Written by Sean McPheat |
28 October, 2014
Often in a meeting, you’ll get to the point where the prospect brings up an objection. This is the point where the disadvantages of your solution or concerns they have about it outweigh the benefits they would get from choosing it.
Many salespeople at this point would handle the objection and move on. But there’s an interesting technique that might seem at first counter-intuitive, but actually works well.
It involves asking for more objections. What you’re looking for is to get all the objections you can get, hence clearing out the minefield that might be lurking in the customer’s mind.
The advantage of this is that you now know all the reasons they have for not buying and can decide what to do about them.
For example, if they bring up the issue of price and you then start dealing with it, you may have dealt with that one specific issue and think there’s nothing now to stop you from progressing. But then they bring up another objection, and you have to go through the whole ordeal of dealing with that one too. This could go on and on.
However, you want to approach the situation from the mindset of joint problem-solving. That is, you want to be on their side and help them see how their objection is justified in their eyes and see what can be done about them.
You do this by asking questions like, “Are there any other reasons why you are not yet ready? Is there anything else that is stopping you from going ahead? There appears to be more concerns than you have raised here…what else might be on your mind?”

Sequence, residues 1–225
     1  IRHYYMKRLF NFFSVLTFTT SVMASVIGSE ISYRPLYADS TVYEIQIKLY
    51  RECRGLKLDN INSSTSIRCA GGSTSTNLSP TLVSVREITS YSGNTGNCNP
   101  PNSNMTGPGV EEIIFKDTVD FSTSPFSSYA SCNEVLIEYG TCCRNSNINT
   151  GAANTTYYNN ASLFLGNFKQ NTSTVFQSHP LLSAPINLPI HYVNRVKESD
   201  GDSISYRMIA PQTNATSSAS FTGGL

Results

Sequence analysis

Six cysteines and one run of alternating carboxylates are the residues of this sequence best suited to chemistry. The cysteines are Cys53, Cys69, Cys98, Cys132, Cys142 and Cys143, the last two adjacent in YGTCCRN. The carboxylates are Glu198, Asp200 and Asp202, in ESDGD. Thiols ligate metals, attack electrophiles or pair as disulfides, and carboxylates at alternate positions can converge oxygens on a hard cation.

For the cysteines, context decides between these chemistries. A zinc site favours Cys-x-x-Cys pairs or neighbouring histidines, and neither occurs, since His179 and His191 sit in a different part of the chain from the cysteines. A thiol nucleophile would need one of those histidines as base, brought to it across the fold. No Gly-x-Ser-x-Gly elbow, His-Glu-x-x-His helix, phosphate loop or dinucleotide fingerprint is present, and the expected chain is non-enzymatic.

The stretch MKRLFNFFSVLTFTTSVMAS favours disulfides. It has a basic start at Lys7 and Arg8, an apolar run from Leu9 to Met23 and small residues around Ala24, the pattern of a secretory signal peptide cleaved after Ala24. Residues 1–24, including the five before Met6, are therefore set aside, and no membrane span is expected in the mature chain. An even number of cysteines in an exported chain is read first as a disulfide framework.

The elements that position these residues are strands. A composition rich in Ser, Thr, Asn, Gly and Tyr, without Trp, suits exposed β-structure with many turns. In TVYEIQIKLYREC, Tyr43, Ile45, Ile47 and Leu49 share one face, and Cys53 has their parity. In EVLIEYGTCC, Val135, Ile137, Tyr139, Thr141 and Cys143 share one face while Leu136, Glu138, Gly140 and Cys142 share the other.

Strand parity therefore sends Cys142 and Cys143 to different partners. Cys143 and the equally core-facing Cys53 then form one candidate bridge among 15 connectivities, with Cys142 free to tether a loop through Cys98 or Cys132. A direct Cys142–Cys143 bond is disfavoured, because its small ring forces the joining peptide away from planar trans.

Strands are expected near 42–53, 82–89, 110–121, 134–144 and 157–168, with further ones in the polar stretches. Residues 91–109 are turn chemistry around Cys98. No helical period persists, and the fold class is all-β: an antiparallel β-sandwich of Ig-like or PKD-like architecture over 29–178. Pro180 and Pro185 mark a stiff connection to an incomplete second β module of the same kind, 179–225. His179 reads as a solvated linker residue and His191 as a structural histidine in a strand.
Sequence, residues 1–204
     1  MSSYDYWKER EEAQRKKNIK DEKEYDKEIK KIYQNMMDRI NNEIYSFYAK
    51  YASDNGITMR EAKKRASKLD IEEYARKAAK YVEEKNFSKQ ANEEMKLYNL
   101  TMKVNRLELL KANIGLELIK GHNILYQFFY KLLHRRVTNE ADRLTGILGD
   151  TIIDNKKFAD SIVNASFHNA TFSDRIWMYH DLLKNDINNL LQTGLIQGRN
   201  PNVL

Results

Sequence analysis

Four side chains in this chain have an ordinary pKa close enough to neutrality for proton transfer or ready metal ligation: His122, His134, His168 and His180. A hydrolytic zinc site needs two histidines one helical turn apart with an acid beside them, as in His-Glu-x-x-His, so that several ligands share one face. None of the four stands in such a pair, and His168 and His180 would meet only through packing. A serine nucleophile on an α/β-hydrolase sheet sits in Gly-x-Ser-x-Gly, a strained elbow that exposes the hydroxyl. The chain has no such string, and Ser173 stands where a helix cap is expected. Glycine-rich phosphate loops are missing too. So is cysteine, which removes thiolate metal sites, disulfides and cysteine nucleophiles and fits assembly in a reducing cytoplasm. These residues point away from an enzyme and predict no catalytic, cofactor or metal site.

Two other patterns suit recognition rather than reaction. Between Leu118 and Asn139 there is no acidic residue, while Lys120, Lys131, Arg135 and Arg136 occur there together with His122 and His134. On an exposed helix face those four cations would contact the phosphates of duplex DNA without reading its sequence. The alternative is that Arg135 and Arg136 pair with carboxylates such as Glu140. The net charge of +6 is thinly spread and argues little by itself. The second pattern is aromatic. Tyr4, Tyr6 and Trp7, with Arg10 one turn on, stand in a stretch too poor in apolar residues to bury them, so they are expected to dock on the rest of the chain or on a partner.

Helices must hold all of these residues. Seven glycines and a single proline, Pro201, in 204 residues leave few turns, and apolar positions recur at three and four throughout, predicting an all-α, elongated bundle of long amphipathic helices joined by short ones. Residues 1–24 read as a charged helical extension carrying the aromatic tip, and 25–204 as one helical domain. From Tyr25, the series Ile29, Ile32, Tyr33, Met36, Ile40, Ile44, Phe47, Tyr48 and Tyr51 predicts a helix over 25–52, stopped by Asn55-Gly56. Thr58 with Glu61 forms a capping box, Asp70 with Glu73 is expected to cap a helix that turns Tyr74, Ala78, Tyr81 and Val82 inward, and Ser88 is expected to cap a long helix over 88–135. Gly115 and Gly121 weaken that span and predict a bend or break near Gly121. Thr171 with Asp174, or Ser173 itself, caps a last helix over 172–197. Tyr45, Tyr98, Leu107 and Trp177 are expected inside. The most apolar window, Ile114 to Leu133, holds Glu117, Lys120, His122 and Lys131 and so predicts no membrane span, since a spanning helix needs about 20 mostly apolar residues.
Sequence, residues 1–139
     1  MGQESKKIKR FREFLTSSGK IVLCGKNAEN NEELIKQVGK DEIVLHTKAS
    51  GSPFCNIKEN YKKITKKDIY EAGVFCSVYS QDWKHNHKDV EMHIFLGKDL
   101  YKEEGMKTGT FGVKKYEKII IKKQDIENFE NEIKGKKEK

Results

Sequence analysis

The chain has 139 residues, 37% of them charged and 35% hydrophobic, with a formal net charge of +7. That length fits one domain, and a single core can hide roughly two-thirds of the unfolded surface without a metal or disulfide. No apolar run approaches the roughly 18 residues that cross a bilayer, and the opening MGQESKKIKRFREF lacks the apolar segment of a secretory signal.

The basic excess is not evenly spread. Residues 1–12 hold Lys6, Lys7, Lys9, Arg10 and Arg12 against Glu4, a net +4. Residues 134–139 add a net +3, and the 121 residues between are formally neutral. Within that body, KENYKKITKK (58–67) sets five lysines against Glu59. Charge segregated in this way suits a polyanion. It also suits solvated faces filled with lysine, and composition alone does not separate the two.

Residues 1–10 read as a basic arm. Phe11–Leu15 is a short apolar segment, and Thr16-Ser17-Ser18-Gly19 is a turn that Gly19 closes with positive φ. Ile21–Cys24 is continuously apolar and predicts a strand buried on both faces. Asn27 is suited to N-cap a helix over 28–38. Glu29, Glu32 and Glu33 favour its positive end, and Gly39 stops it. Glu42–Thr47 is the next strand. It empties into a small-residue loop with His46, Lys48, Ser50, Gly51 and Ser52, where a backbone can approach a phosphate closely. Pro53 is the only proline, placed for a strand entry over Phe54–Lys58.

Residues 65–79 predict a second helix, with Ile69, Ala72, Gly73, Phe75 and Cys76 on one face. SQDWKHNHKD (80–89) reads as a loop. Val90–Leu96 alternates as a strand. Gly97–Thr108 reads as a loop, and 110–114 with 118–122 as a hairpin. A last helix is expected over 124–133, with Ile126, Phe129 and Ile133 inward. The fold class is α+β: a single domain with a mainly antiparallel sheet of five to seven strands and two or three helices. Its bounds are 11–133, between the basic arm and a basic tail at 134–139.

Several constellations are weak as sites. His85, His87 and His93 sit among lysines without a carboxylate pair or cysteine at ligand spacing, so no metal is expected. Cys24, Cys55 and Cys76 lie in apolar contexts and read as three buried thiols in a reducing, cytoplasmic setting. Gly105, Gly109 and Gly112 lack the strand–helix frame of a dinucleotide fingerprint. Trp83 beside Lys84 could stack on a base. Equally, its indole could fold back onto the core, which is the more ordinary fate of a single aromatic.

This now gives you the opportunity to bring out exactly what might be on the mind of the customer, and you can approach them from the right direction.
After hearing the customer out, you could respond with something like, “So, you’re concerned about the pricing structure for the orders you are thinking of making, and you want the deliveries to be made to more branches than we originally quoted for. Plus, you’re not sure about our credit terms and whether they are the best we could offer. Have I got that right?”
This shows a number of things. Firstly, you’ve really listened to their concerns; then, you’ve highlighted the main ones and simplified them in language you both can identify with; and then you’ve confirmed that your understanding is correct by checking back with them.
Now you’re in a position to deal with these situations as a complete package rather than having to deal first with the pricing structure, then the delivery issues and finally the credit terms separately, which would have been the case if you had dealt with them individually.
It may be that you can link the pricing structure to the credit terms discussion, leaving the issue of deliveries until you’ve agreed on the principles of value for the products.
The benefits are that you can see the big picture much clearer when everything is out in the open instead of having to deal with them one at a time.
Try it and see if it works for you. You may find you are able to deal with any objections in a much more efficient and effective way.